The predominant storyline in the formation of the U.S. Olympic men’s basketball roster has been the players that aren’t heading to Brazil this August. The most notable omission from the 2016 team is LeBron James, but other 2012 participants, including Chris Paul, Russell Westbrook, James Harden and Anthony Davis, are also absent. Additionally, shoo-ins like two-time MVP Steph Curry and reigning Defensive Player of the Year Kawhi Leonard opted out as well. Still, the remaining squad should have enough talent to bring home the gold, led by Olympic veterans Kevin Durant and Carmelo Anthony:
There is one ritual that began in 1996 and has continued to occur leading up to every Summer Olympics since: comparing the current men’s basketball team to the 1992 Dream Team. It’s an unfair measuring stick for even the most loaded squad, given how stacked the Dream Team was. The 12-man roster included 10 of the NBA’s top 50 players of all time, as voted in 1996 as part of the league’s 50th anniversary. Those players were Charles Barkley, Larry Bird, Clyde Drexler, Patrick Ewing, Magic Johnson, Michael Jordan, Karl Malone, Scottie Pippen, David Robinson and John Stockton. Only two Dream Teamers, Hall-of-Famer Chris Mullin and Christian Laettner, a recent Duke grad who had yet to play professionally in the summer of 1992, weren’t honored as top 50 players.
Fairness of the debate aside, it’s fun to imagine the current USA representatives matching up with their Dream Team counterparts. Could Pippen slow down Durant? Would the mild-mannered Robinson exchange a few words with DeMarcus Cousins? How much time would tick off the clock before Barkley and Draymond Green were ejected? We’ll of course never have the pleasure of watching such a game unfold, but we can get a sense of how it might play out through a computer simulation. WhatIfSports.com used its roster-building feature (appropriately called Dream Teams) to assemble the 1992 and 2016 teams, simulating them head-to-head 1,001 times. Check out the results:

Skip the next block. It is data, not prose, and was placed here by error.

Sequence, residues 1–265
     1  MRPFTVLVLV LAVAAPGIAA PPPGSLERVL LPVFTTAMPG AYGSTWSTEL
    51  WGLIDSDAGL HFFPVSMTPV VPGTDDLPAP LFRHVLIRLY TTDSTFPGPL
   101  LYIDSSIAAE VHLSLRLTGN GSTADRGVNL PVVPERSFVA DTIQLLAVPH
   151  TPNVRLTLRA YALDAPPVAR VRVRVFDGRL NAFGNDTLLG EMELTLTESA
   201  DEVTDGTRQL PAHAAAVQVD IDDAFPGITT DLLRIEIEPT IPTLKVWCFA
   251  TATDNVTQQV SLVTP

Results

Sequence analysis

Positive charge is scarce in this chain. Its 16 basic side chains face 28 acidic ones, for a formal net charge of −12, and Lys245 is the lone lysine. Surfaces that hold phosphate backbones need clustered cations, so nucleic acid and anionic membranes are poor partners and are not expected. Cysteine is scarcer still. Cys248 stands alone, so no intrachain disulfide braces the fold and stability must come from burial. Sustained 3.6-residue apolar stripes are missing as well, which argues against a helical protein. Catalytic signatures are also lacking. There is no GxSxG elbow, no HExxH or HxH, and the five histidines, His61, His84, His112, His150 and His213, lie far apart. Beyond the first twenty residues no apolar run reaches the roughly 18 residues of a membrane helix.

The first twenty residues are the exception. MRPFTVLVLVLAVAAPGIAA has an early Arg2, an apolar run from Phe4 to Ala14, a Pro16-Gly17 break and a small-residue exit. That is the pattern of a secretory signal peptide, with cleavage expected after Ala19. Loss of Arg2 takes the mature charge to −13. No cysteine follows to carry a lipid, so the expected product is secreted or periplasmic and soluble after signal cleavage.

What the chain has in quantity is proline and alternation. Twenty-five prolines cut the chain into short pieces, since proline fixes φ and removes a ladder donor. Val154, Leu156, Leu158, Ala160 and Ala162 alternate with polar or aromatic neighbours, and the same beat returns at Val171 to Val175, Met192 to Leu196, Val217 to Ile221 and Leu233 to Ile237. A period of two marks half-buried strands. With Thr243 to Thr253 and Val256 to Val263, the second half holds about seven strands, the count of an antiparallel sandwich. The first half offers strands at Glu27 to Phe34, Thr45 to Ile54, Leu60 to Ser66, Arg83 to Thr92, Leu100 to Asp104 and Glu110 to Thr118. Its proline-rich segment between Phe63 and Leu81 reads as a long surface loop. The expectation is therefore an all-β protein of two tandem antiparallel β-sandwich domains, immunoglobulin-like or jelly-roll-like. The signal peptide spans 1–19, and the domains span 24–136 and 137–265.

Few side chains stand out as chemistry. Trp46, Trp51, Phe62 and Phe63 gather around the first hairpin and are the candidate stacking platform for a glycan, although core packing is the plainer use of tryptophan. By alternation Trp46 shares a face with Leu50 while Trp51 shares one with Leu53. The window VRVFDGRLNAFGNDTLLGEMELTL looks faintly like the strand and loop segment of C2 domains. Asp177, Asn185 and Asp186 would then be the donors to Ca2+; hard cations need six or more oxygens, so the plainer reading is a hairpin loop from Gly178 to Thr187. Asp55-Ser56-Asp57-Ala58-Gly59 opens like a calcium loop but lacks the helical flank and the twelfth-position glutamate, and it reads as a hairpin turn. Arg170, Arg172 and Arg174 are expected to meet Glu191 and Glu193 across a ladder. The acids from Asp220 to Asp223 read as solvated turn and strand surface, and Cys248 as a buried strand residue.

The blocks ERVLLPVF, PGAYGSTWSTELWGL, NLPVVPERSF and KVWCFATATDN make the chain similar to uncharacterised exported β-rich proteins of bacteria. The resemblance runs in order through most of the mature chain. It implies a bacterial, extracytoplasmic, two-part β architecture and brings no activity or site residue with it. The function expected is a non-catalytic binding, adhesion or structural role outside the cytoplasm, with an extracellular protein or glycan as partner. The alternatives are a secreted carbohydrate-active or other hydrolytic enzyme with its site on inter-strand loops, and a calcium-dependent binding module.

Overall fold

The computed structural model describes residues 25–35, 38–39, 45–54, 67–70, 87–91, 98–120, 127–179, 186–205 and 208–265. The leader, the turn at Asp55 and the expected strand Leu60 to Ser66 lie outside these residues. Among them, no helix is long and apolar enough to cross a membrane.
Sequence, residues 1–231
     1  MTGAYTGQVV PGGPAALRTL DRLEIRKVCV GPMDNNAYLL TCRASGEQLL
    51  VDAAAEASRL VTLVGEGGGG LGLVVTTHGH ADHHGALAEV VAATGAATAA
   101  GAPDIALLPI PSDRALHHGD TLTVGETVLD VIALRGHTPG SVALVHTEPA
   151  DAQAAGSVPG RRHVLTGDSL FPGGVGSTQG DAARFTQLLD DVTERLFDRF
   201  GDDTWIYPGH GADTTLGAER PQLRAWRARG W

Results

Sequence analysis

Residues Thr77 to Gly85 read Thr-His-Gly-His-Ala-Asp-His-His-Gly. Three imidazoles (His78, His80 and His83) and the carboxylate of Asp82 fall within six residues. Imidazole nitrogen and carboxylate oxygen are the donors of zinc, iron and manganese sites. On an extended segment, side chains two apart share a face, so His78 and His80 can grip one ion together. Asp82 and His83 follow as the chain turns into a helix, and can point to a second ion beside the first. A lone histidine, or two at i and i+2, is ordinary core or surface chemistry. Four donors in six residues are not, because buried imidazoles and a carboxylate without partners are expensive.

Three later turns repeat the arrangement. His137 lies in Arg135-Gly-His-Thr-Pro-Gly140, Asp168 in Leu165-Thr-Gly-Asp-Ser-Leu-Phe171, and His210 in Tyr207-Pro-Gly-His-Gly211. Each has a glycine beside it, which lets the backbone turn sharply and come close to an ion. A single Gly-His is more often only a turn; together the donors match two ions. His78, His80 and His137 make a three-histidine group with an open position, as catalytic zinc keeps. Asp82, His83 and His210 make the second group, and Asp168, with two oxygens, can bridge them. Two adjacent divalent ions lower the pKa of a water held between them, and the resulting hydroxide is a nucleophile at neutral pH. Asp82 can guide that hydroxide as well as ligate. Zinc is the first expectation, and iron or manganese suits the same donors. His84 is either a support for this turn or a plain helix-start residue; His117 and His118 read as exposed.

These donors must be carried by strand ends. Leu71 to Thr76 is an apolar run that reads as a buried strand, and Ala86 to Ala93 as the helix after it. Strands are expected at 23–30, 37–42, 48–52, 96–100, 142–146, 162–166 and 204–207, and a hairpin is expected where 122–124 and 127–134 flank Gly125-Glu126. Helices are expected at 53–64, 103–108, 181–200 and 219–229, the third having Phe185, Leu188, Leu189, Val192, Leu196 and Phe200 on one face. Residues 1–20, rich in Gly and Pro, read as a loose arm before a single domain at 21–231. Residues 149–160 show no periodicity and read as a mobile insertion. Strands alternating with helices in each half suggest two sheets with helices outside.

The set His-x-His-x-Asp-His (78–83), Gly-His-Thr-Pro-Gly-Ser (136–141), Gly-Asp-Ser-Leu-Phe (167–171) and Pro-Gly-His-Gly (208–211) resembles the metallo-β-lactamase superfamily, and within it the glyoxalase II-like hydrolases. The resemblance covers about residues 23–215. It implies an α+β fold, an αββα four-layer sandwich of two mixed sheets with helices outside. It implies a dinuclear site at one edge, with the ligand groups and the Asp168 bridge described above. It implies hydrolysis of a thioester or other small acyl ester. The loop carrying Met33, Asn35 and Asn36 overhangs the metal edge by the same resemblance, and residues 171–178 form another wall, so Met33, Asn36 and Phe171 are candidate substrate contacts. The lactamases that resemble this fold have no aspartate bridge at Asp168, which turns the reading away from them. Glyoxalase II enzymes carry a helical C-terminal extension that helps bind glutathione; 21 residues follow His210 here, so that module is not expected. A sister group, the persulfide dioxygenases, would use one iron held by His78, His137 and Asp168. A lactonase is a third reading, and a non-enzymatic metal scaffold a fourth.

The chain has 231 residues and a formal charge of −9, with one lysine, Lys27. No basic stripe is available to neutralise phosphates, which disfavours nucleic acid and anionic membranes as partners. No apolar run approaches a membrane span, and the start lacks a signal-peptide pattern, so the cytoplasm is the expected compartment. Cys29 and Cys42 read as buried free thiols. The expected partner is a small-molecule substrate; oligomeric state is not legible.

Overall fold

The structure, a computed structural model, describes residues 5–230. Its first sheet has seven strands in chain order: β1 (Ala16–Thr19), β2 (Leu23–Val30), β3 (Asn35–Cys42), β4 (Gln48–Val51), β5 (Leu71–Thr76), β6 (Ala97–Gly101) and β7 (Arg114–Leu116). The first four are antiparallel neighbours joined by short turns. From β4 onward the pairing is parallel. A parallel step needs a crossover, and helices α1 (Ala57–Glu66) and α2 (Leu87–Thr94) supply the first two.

Disagree with the depth charts? Simulate the matchup yourself and select "Edit Depth Chart" to create your own lineup.
The Dream Team won 694 of the 1,001 matchups, outscoring the 2016 team by an average score of 109.1-101.8. One advantage the Dream Team leveraged in the simulation was its superior low post size and depth. Barkley and Malone spilt time at power forward, with Ewing and Robinson manning the middle, plus some Laettner thrown in for good measure. The closest thing the 2016 team has to a true "four" is Green, with Anthony and Durant likely to see time at the position as well. DeAndre Jordan and Cousins are no slouches at center, but would be a little outmatched against Ewing and Robinson. The Dream Team commanded a +10.0 rebounding advantage against their younger brethren and shot 50.4 percent from the floor, compared to 44.7 percent for the 2016 team.
One area that helped the youngsters close the gap was three-point shooting. The 2016 team let it fly from deep 25.5 times per game, connecting on an average of 9.2 triples (36.2 percent). The Dream Team attempted fewer three-pointers than the 2016 team made, shooting just 8.6 threes per game with 2.7 makes (31.7 percent). Leading the way for the 2016 team was Klay Thompson (1.6 3PM, 42.3 percent), while Clyde Drexler (0.6 3PM, 34.4 percent) did the most damage from behind the arc for the Dream Team.